Introduction: In order to accurately assess the extent of chronic pelvic pain syndrome (CPPS) and to objectively measure symptoms for natural history studies and to assess the outcome parameters for clinical trials, the National Institutes of Health (NIH) Chronic Prostatitis Collaborative Research Network developed and validated the NIH Chronic Prostatitis Symptom Index (NIH-CPSI). The aim of the current study was to develop and validate a fluent and comprehensive Arabic version of the NIH-CPSI.

Methods: This study consisted of 80 consecutive male patients affected by CPPS and 80 healthy controls who were asked to complete the Arabic version of the NIH-CPSI. The translation was performed by a group consisting of an andrologist and professional translators. Psychometric data were collected.

Results: Of the 160 subjects enrolled, 82 (50 patients and 32 controls) completed the study. The total Arabic NIH-CPSI scores and the scores of each subscale differed significantly between the two groups with good discriminant validity. The questionnaire had also a high internal consistency.

Conclusion: The present study provides the Arabic version of the NIH-CPSI and recognizes it as a valid and reliable tool in the assessment of local patients with CPPS.
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http://dx.doi.org/10.1159/000094814DOI Listing
January 2007

Tianeptine can be effective in men with depression and erectile dysfunction.

J Sex Med 2006 Sep;3(5):910-917

Department of Andrology, Sexology and STDs, Cairo University, Cairo, Egypt; Department of Physiology, University of Saskatchewan, Saskatoon, Saskatchewan, Canada. Electronic address:

Introduction: Erectile dysfunction (ED) and depression are highly prevalent medical disorders affecting men of diverse cultures throughout the world. Tianeptine is a new antidepressant drug with less adverse effects on sexual functions.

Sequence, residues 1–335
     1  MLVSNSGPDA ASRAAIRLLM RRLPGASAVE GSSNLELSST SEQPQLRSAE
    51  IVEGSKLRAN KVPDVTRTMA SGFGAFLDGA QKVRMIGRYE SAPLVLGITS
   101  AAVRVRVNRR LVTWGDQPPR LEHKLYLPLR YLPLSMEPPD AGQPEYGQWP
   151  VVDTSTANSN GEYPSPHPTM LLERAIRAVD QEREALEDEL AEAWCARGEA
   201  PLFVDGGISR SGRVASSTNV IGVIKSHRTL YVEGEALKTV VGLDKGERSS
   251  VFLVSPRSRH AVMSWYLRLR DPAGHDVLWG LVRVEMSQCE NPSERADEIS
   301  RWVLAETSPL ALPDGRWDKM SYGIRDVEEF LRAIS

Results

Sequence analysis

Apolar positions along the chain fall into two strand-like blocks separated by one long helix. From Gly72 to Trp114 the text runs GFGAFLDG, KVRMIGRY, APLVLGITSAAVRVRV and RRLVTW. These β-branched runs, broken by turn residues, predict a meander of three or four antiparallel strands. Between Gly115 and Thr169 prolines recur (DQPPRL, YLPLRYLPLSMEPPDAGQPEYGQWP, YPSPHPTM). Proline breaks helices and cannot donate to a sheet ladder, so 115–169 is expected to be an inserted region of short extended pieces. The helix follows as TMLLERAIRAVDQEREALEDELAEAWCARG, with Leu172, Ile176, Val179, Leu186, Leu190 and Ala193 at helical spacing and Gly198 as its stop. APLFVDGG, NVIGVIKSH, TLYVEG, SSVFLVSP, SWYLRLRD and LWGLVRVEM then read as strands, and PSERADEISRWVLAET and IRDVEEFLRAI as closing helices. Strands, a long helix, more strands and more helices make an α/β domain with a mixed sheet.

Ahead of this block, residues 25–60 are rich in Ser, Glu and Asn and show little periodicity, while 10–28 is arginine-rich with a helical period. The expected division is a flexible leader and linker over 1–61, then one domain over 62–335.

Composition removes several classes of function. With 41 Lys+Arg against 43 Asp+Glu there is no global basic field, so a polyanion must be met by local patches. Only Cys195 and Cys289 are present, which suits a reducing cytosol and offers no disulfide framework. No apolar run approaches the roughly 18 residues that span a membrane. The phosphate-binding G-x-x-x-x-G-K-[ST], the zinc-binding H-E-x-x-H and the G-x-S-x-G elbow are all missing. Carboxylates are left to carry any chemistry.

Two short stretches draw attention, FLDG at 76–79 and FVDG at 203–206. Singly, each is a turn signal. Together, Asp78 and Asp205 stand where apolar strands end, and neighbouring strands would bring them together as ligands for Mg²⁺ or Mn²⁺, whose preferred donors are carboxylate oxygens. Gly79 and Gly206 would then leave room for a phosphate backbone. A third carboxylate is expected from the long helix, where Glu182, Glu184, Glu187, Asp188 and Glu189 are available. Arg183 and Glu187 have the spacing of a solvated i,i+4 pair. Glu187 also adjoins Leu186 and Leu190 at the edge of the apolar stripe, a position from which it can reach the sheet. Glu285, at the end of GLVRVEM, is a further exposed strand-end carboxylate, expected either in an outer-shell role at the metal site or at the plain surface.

Aim: To evaluate the efficacy of tianeptine in the treatment of mild to moderate depression with ED.

Methods And Main Outcome Measures: A randomized, double-blind, placebo-controlled, crossover trial. Subjects were assigned either tianeptine or matching placebo, each for 8 weeks. All patients were followed up on monthly basis where they were asked to complete three assessment questionnaires, namely, Anxiety and Depression Scale, Brief Sexual Inventory, and Quality-of-life and erection questionnaire. All patients were asked a global assessment question. Treatment-responsive subjects were defined as study participants who had scores 1-16 on the Anxiety and depression Scale, showed normal erectile function on the Brief Sexual Inventory, and answered "yes" to the global assessment question.

Results: Of the 237 consecutive men complaining of ED of >6 months and screened for this study, 110 patients met our inclusive criteria; 42 declined to participate. The remaining 68 patients were randomly assigned to treatment. Significant improvement (P < 0.05) was observed during the active drug phase in all three assessments questionnaires, in comparison with the placebo phase. Forty-eight patients (72.7%) of the subjects during the active drug phase were classified as responders, while 19 (27.9%) of the subjects during placebo phase were classified as responders.

Conclusions: Tianeptine could be considered an effective therapy for the treatment of depression and ED. Further large-scale multicentered studies are warranted.
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http://dx.doi.org/10.1111/j.1743-6109.2005.00141.xDOI Listing
September 2006